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Ghosting: an unfortunate way to end communications in an online world

Ghosting: an unfortunate way to end communications in an online world

Why has ghosting become a thing of our generation? Why are not many scared of falling in love but of getting ghosted? Why are we increasingly choosing to cut off someone without so much as saying a quick goodbye? 

On one hand we have therapists constantly telling us to communicate, while on the other there are people so scared of actually talking about their feelings that they would just rather block you. With an increase in feeling of entitlement into entering people’s lives through the big bad internet, there is little to no accountability left. In today’s day and age when we invite a person in our lives with just a click, we also give them access to disappear without any accountability. 

Almost all the stories of being ghosted have one thing in common- the avoidance of guilt. Why say, “Hey, I don’t think I like you even though I really tried” when you can just say nothing. Or why indulge in a painful breakup and give clarity when you can block. The stakes are too low for the person who is ghosting whereas the one on the other end is left with trust issues of a lifetime. 

Imagine this, you are a woman in mid-20s who finally feels ready to out herself out there so she downloads Hinge. After many left swipes she starts flirting with a tall man with kind eyes. They go on a date that goes really well. The woman is kaafi smitten with him to realise something might be fishy. They are swapping stories and she is cautioning him time and again of her broken parts. Her heart is happy. The man starts to see that she is falling for him. He does nothing. Months go by. All seems well…

…and then, out of nowhere, he starts to pull away. She can feel the increasing distance in her bones. She gets restless. Impatient. She decides to confront him, “what the hell is going on?” The message gets delivered to its rightful owner. There is a blue tick. She can see him online. She gets frantic, so she sends more messages. All her desperation to communicate, to get some answers falls into deaf ears. Weeks go by and one day, his display picture and status is gone. The calls are getting cut after one ring. 

It has now hit her that the person she was slowly falling in love has decided to ghost. All attempts to understand ‘why’ of this whole situation are in vain. The man disappears and the woman is left anxious and heartbroken.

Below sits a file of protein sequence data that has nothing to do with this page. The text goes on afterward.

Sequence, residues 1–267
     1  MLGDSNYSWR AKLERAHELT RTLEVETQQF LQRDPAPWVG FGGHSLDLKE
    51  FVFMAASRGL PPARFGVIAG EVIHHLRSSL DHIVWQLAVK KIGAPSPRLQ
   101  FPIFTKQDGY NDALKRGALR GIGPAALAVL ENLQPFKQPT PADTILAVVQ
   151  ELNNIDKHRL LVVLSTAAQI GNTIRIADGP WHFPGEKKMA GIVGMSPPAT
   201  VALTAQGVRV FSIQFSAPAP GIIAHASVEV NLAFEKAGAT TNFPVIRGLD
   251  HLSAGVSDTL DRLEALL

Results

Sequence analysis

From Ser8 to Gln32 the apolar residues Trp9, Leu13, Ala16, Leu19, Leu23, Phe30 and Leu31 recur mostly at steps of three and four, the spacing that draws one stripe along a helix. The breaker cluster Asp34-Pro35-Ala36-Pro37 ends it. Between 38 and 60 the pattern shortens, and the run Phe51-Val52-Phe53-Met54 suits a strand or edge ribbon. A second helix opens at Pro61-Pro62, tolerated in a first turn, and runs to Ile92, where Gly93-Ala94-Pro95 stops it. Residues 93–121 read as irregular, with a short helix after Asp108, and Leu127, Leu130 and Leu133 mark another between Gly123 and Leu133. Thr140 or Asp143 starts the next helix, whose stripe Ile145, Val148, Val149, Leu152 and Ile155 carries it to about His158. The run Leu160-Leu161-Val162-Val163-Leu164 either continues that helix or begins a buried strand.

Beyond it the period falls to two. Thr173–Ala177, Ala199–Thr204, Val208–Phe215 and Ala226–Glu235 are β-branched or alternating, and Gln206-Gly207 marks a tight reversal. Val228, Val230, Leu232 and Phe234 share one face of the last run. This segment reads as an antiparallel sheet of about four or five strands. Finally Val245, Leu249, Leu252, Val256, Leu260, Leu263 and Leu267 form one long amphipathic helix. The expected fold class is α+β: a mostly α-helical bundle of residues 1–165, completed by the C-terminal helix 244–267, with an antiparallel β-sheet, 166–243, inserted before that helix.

An excerpt from Dolly Alderton’s debut novel ‘Ghosts’ that will always stay with me:

“Men of our generation often disappear once they’ve got a woman to say ‘I love you’ back to them, because it’s almost like they’ve completed a game. Because they’re the first boys who grew up glued to their PlayStations and Game Boys, they weren’t conditioned to develop any sense of honour and duty in adolescence the way our fathers were. PlayStations replaced parenting. They were taught to look for fun, complete the fun, then get to the next level, switch players or try a new game. They need maximum stimulation all the time. ‘I love you’ is the relationship equivalent of Level 17 of Tomb Raider 2 for a lot of millennial men.”

WIthout maligning the good experiences of people dating in this generation, I would like to say that it is my friends and I who have found dating similar to getting a migraine on a random Tuesday when you are at peace and relatively happy. The urge to be in love suddenly enters your body and with it access to terrible people. Ones who have helped coined concepts such as benching, breadcrumbing, caspering, cushioning, hoovering [author’s personal favourite], love bombing, roaching and the most Ted Bundy of all - ghosting! 

Distressed from all the ugly experiences, I asked my therapist: Why do people ghost? To which she in her usual serious self, replied, “Ghosting can occur in different contexts but it feels most painful in romantic relationships. There are many reasons for people to disappear from another’s life. But when that happens it fundamentally feels like you are being rejected. That you are the one unwanted. Instead one needs to point fingers at the person who is ghosting. It is their lack of emotional maturity and communications skills that has prompted them to ghost. And most importantly to consciously inflict this trauma and emotional abuse.”